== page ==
Why is the narrator's perspective in Chapter 2 of The Great Gatsby one of some confusion?

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mwestwood | College Teacher | (Level 3) Distinguished Educator

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At the beginning of Chapter One, Nick reflects, 

I wanted no more riotous excursions with privileged glimpses into the human heart

But, after seeing "two old friends whom I scarcely knew at all, Nick finds himself taking just such an excursion as he passes through the Valley of Ashes where he views "grotesque gardens" and is jolted by the images of an industrial wasteland and an abandoned billboard of an oculist, Dr. T.J. Ecklebrug, who eyes are “dimmed a little by many paintless days under sun and rain,” brooding “over the solemn dumping ground"--eyes not unlike those of George Wilson who lives in this area.  It is there at Wilson's garage that Tom stops on the pretense of purchasing a car from Wilson; his real motive is to alert Mrytle that he is headed to New York City.  Later, Tom finds himself on the train, and Mrytle Wilson, Tom's mistress, is seated discreetly in another car.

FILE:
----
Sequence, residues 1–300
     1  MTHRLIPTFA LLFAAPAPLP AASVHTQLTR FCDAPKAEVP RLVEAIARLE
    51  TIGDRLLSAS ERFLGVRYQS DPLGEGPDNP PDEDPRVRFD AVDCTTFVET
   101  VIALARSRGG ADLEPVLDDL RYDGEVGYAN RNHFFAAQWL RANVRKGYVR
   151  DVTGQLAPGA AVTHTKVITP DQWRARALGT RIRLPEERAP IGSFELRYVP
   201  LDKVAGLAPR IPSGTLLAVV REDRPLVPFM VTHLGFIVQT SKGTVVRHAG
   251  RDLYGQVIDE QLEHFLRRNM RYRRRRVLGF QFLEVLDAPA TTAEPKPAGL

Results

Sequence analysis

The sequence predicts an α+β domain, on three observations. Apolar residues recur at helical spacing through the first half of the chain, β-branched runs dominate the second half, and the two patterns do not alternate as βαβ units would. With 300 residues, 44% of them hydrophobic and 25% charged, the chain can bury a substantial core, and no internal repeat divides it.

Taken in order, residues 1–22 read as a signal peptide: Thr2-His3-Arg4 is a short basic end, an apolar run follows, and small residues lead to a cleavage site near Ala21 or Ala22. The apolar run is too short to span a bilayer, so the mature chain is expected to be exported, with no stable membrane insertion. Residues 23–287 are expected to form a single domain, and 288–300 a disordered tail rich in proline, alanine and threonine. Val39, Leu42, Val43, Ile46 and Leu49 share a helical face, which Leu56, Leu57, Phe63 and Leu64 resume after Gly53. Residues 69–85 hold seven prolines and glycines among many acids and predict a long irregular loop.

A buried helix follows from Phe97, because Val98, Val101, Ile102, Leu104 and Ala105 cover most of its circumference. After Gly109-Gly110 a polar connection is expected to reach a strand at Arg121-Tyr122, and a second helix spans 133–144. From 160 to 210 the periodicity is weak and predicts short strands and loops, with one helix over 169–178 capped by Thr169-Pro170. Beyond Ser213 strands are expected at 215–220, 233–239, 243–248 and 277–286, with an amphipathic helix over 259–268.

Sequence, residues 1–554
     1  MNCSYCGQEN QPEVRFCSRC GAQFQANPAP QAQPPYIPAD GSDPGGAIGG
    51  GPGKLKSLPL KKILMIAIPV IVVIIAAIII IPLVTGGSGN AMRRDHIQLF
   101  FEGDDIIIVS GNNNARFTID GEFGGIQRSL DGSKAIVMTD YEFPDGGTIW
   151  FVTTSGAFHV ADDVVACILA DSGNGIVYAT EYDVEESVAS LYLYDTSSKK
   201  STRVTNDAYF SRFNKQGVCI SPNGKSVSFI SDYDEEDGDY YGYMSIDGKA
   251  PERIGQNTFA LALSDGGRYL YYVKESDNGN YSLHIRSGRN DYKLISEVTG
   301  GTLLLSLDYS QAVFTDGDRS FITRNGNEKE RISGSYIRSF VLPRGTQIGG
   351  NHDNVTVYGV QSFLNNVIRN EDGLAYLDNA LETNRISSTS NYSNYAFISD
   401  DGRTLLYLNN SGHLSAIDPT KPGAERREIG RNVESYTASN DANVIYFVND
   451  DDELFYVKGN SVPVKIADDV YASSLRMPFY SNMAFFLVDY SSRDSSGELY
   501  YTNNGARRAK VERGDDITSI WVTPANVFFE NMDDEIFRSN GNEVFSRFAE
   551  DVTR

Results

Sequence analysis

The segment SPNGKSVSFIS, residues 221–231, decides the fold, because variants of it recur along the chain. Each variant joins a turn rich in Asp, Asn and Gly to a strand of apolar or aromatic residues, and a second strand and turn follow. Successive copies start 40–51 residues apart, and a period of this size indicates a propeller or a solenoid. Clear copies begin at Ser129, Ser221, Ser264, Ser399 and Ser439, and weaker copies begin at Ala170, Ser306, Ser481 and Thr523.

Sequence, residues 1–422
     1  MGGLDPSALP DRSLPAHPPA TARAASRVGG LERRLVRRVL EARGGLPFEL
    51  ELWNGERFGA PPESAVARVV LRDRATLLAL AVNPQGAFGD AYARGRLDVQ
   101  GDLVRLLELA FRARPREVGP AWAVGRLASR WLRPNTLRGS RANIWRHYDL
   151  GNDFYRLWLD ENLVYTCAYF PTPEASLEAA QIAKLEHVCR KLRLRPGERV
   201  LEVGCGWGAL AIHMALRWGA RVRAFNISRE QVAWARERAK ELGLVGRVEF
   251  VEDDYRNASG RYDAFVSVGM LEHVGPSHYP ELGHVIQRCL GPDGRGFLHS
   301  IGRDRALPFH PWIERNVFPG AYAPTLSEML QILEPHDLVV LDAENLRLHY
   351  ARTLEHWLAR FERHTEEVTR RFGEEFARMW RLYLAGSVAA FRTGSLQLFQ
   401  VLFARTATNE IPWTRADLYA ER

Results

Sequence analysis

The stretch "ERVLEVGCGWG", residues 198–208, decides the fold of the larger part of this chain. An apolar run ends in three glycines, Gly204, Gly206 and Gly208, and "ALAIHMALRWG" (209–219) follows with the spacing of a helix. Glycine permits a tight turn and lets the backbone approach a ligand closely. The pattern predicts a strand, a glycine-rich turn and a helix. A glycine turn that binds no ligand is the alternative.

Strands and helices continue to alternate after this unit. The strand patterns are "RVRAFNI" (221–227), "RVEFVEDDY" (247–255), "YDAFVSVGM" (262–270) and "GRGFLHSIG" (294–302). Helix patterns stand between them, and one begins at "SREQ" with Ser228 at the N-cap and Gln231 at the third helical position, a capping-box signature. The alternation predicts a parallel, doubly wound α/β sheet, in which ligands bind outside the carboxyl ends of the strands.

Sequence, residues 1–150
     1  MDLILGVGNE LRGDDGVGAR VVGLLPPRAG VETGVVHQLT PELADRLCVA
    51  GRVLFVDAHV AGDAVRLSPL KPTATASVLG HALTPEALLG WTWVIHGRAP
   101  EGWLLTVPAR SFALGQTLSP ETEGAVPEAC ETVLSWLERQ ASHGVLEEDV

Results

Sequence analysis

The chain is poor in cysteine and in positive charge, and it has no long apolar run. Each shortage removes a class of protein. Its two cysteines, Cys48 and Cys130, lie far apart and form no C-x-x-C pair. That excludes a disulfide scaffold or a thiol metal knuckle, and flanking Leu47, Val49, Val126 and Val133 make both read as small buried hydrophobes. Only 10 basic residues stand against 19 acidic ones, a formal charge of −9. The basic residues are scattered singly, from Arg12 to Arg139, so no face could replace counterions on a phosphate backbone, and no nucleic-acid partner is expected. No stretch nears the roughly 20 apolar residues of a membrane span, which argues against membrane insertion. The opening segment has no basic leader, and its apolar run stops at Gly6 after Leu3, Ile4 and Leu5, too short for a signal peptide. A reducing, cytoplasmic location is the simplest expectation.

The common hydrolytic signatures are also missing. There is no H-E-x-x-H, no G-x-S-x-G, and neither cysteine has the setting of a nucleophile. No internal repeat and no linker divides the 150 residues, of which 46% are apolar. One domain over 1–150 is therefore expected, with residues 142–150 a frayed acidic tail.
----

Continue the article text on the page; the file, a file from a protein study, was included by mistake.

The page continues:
Once at the hotel, Nick becomes both an observer of the action, and a minor participant, deciding he is both “within and without” that hotel room, “simultaneously enchanted and repelled by the inexhaustible variety of life"--this is why his perspective is one that is a bit confused. In addition, while Mrytle is dressed fashionably, and converts to "impressive hauteur," complaining that the help at the hotel is shiftless yet, when asked about her husband, Mrs. Wilson's answer is "violent and obscene."Tom, then, mocks her social status telling Mr. McKee that Mrytle can give him a letter of introduction. Incongruously, she explains that she married Wilson because she thought he was a gentleman: 

"I thought he knew something about breeding but he wasn't fit to lick my shoe."

It is shortly after this statement that Mrytle initiates an argument with Tom as she says Daisy's name and Tom breaks her nose. The room is filled with confusion; there are bloody towels, "Town Tattle" is spread over "the tapestry scenes of Versailles." Nick then finds himself in McKee's room standing beside his bed while McKee sits up between the sheets "clad in his underwear." Shortly after this, Nick finds himself inebriated in the cold lower level of Pennsylvania Station, where he later realizes that things have not been what they have seemed.

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